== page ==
Gonzales: Departing aide played lead role in firings

Attorney General Alberto Gonzales said Tuesday that departing Deputy Attorney General Paul McNulty was primarily responsible for recommending the firing of eight U.S. attorneys last year, saying that McNulty's personal knowledge of the prosecutors and his role as manager of the department set his advice apart from other senior officials who participated in the process.

"At the end of the day, the recommendation reflected the views of the deputy attorney general," Gonzales said during an appearance at the National Press Club. "He signed off on the names, and he would know better than anyone else ... about the qualifications and experiences of the United States attorney community."

While offering warm words of praise as McNulty prepares to leave his position -- he announced his resignation Monday, citing personal reasons -- Gonzales said he had structured the department so that McNulty acted as the chief operating officer. He added that McNulty was "a former colleague of all of these United States attorneys" who knew them well.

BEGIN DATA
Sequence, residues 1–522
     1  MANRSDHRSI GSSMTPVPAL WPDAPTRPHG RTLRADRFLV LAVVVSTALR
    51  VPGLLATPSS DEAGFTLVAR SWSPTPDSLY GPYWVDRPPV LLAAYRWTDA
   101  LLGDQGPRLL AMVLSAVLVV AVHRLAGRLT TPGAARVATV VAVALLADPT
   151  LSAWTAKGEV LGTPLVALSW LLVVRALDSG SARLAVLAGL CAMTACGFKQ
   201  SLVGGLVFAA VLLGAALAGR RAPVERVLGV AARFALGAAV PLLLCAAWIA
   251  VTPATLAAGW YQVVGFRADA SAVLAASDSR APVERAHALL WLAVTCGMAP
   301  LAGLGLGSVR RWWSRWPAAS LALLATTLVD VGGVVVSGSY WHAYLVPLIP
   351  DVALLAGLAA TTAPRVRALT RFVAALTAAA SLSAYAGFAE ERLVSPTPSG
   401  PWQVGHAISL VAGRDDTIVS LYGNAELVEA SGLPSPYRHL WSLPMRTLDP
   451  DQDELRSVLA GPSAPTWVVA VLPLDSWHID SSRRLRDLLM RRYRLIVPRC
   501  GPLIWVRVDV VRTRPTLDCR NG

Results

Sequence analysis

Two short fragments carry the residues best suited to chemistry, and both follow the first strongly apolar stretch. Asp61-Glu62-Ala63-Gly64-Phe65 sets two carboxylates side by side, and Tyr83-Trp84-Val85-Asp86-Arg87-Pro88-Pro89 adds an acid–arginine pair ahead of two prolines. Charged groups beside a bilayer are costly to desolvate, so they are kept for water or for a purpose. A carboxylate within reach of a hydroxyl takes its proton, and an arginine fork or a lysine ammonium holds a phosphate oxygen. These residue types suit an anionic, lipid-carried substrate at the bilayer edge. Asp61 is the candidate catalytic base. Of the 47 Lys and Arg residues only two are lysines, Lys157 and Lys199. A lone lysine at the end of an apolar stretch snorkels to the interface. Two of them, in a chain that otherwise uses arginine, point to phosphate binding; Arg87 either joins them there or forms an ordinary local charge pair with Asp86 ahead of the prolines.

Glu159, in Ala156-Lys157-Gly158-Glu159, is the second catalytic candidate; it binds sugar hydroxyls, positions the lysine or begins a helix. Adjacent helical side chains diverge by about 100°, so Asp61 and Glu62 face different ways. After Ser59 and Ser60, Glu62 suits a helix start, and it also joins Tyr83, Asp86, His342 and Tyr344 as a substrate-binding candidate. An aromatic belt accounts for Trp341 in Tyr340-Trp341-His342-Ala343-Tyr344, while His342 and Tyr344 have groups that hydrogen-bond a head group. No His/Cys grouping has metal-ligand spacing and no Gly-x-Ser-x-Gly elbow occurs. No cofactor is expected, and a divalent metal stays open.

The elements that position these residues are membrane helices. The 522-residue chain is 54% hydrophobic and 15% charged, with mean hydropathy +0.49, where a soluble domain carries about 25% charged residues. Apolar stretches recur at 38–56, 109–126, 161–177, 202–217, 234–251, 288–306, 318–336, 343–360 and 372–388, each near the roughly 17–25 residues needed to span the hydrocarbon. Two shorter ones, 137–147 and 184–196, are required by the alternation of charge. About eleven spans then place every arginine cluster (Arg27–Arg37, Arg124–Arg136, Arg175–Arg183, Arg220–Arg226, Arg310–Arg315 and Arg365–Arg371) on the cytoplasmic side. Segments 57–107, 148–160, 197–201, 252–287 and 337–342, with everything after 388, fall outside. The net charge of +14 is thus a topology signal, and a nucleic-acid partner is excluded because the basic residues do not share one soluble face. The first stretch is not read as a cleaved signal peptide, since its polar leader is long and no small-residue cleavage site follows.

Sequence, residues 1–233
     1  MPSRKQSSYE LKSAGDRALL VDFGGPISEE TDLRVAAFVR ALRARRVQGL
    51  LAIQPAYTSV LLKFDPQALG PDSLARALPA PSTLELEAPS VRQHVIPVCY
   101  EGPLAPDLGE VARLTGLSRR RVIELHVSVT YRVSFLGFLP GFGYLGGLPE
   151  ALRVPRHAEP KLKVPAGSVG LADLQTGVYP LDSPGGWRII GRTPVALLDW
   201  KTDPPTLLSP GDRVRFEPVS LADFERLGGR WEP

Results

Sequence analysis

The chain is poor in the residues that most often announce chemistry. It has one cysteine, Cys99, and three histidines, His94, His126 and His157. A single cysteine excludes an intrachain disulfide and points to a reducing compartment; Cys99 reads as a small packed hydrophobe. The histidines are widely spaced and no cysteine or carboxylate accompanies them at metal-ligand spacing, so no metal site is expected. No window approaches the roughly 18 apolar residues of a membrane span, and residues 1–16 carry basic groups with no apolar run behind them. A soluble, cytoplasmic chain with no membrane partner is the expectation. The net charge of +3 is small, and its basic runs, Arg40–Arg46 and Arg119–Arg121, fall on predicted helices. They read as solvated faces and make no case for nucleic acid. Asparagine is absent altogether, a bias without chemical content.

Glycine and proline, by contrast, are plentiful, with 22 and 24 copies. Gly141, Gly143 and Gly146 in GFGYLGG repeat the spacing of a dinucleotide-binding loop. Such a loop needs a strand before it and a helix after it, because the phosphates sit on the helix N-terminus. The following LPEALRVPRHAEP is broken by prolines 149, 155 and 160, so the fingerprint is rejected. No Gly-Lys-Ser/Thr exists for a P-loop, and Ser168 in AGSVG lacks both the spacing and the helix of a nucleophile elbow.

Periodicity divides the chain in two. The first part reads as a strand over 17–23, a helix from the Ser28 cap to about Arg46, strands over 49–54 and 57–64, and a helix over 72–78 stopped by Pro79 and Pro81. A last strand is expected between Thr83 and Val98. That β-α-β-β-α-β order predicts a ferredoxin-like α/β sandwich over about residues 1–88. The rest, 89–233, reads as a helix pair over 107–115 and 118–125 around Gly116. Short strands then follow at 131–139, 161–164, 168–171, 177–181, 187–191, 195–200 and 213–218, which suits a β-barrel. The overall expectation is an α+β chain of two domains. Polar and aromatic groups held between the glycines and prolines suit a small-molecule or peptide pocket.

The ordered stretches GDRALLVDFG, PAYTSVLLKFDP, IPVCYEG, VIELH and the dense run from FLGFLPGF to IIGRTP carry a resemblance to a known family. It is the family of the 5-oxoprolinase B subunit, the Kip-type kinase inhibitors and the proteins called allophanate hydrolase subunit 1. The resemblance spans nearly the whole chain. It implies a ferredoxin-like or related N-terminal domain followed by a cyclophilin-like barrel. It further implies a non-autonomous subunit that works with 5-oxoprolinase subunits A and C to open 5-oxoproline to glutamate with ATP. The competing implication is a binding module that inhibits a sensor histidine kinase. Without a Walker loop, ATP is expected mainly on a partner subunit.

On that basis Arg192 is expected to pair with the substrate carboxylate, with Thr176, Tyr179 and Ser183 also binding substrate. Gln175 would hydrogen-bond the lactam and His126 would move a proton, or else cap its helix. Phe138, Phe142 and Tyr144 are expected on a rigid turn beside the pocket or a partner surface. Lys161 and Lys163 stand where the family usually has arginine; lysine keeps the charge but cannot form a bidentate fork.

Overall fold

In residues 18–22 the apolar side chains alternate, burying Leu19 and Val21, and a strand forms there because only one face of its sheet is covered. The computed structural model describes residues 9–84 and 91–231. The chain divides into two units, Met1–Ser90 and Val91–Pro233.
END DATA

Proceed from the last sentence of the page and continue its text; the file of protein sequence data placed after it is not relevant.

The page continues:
"The one person that I would care about would be the views of the deputy attorney general, because the deputy attorney general is the direct supervisor of the United States attorneys," Gonzales said.

As he has previously, Gonzales acknowledged that he should have been more involved. Pressed repeatedly on why he was not, Gonzales spoke of the busy nature of his job. But he said that if he had to do it again, he might have put McNulty in charge of the process instead of his former chief of staff, Kyle Sampson.

He said he also would have truncated the process, specified with whom Sampson should consult, issued clear guidelines about factors that should be considered, and directed Sampson to meet face-to-face with the attorneys and get their reactions to criticisms.

Gonzales also indicated that while Sampson and former White House liaison Monica Goodling played key roles in the process of determining who would be fired, he did not consider them "top aides."

Even as officials leave the department in the wake of the scandal, Gonzales brushed aside a question about whether he should resign, saying this was a decision for the president to make. Though several of the fired U.S. attorneys were targets of complaints that they were not pursuing voter fraud cases aggressively enough, Gonzales said he was aware of no "concentrated effort" by the White House to promote voter fraud prosecutions.

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